Axon's Automotive Anorak: That time Saab built a car with a joystick
It was quite an induction. Just a few days into my brand new job at Saab’s HQ as the Product Strategy Manager, and I was driving along the A11 to Hethel in Norfolk to test a couple of exceptional and top-secret engineering prototypes.
The prototypes in question were a pair of unusual Saab 9000s the first of which comes under scrutiny here. This engineering ‘mule’ was being worked on by Saab’s far-sighted Swedish engineers, in conjunction with the talented technicians of Lotus Engineering, hence the trip to Hethel.
This first Saab 9000 I was set to drive on the private Lotus test track at Hethal was part of the Swedish premium car maker’s contribution to the Prometheus Project. Prometheus was a pan-European programme in the late 1980s-early 1990s that drew funding and expertise from governments, selected European carmakers and suppliers to make vehicles safer, cleaner and quieter. In an automotive industry notorious for contrived acronyms, Prometheus was a horror, standing for Programme for European Traffic with Highest Efficiency and Unprecedented Safety.
Run as a large R&D programme between 1987 and 1995, the Prometheus project involved a number of European car and OEM vehicle component producers working closely together and sharing the results of their findings, including Daimler-Benz, Jaguar, the PSA Groupe and BMW, as well as Saab.
The pan-European Prometheus programme was a collaborative quest to improve the road-users' lot by exploiting modern electronics and telecommunications, with these new technologies claimed to improve road safety by 30 per cent in Europe. Technical innovations included adaptive cruise control, driver status monitoring, lane change warnings and IR camera systems to identify obstacles and potential hazards in low light or poor conditions; all features that many years later have now become features and common options on many prestige cars. Even fully autonomous cars formed part of the study group (under Daimler-Benz), 30 years ahead of today’s developments.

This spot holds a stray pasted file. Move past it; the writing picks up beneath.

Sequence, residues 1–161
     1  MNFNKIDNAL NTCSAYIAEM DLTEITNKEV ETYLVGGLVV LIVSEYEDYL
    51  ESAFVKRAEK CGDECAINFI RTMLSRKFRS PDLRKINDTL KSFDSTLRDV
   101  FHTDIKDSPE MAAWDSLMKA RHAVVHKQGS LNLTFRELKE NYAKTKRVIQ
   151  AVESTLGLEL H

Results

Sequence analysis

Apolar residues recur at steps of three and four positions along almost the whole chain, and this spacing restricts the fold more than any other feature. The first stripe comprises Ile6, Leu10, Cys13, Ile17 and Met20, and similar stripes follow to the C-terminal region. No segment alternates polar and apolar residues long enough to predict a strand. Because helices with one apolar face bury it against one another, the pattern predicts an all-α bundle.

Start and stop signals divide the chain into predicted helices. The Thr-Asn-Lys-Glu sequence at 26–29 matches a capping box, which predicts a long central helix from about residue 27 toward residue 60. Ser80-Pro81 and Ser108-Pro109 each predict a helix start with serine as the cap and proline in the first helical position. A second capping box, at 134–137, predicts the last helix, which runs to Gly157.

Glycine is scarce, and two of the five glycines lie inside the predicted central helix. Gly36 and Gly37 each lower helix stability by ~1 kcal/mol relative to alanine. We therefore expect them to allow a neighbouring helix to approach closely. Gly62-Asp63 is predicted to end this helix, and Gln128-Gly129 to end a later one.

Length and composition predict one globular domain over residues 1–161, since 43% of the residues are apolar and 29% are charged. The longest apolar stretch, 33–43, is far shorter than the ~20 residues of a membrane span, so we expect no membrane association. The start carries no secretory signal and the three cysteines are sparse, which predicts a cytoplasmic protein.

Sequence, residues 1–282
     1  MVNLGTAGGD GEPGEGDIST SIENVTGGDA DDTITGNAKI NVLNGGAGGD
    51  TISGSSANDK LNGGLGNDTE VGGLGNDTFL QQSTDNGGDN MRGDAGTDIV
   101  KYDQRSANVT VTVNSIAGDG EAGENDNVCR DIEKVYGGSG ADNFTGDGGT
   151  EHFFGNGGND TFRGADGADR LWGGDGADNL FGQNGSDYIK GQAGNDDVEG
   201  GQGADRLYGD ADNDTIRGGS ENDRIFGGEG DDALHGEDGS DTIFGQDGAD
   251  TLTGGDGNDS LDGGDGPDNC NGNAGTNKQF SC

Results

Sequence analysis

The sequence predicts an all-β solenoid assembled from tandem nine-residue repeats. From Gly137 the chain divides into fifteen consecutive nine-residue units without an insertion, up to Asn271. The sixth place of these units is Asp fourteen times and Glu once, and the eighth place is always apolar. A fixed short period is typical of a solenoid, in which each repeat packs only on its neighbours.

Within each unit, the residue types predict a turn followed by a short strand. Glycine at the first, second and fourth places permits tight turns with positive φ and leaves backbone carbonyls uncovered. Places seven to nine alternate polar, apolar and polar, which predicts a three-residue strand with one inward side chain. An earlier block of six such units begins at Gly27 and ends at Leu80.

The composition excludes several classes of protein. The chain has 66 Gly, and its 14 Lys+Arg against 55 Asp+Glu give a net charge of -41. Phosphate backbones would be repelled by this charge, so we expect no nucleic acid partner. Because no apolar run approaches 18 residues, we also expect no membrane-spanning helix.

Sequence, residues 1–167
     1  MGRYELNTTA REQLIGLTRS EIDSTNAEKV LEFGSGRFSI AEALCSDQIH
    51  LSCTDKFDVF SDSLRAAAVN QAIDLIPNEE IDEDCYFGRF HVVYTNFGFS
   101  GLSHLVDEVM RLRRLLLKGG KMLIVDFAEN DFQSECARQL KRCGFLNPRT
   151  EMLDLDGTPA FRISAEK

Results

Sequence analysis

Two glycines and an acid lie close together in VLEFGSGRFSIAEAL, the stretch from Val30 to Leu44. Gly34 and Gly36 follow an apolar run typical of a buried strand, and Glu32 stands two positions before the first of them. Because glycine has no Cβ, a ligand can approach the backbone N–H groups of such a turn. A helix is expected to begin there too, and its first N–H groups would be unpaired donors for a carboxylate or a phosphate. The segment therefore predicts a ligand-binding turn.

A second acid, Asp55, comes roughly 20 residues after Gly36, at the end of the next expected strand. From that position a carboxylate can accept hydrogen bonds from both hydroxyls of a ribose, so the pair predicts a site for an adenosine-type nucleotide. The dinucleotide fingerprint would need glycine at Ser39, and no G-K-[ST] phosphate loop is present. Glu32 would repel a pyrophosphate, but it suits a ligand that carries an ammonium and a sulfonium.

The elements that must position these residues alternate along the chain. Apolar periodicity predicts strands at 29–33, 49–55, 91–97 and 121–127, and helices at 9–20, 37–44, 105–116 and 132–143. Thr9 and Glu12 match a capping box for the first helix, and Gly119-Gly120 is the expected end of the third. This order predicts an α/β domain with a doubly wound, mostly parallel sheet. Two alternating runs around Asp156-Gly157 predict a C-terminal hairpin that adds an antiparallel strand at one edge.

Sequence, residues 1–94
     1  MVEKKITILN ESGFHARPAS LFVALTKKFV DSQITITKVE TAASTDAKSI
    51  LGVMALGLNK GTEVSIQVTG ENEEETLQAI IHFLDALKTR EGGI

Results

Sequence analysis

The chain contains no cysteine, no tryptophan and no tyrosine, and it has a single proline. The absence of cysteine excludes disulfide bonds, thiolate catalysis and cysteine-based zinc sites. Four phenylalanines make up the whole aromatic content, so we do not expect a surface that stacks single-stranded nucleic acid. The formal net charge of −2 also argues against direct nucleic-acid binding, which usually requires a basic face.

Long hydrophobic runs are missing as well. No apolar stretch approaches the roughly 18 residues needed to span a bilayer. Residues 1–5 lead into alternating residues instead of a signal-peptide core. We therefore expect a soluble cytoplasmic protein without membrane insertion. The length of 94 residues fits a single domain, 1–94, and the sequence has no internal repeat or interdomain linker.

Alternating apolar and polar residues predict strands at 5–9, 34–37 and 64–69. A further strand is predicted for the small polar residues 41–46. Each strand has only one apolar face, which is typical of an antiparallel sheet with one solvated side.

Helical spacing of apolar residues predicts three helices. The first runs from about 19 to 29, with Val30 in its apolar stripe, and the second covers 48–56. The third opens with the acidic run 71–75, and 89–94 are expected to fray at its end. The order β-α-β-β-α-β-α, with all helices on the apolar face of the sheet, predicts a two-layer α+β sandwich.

One of Saab’s Prometheus contributions reflected the Swedish marque’s aviation roots, with an experimental joystick alternative to the conventional steering wheel, potentially consigning that component into the history books. Joystick control was rooted in Saab's research into intelligent or 'active' steering systems – one of the projects it was assigned under the joint programme.
Climbing into a specially adapted left-hand-drive Saab 9000 automatic with a conventional dashboard carrying normal instruments, was an unusual and memorable experience. Ahead of me, instead of a familiar steering wheel, there was a giant head, face and knee airbag (located where the steering column would usually be) with a central joystick, similar to those used in aircraft and gaming. Controls for the wipers, lighting, indicators, and so on where comfortably relocated into a cluster on the door panel.
After a blisteringly quick lap around the Lotus Hethal test track with a Swedish Prometheus engineering colleague behind the ‘wheel’, to demonstrate just how easy it was to control the Saab with a joystick, it was my turn to take the helm.
My first few faltering metres in the 9000 were an embarrassing zig-zag down the straight, over-compensating for every directional change with the joystick. However, after a surprisingly short time and distance, maneuvering the Saab with the joystick control became totally intuitive and was a pleasurable and rewarding experience, one that today’s younger ‘joystick generation’ would feel totally at home with.
The rapidly-approaching development of the fully automated driverless car, however, has now leap-frogged the need and potential for a joystick system to control a vehicle, so the time, energy and money invested in the feasibility of this technology was alas all to no avail, unlike some of the other new advances developed under the Prometheus programme.
The second Saab 9000 prototype I also drove at Lotus that same day may have been a clearer glimpse into the future of motoring, with a revolutionary suspension system, but more of that anon in a future weekly Anorak here, so please do stay tuned.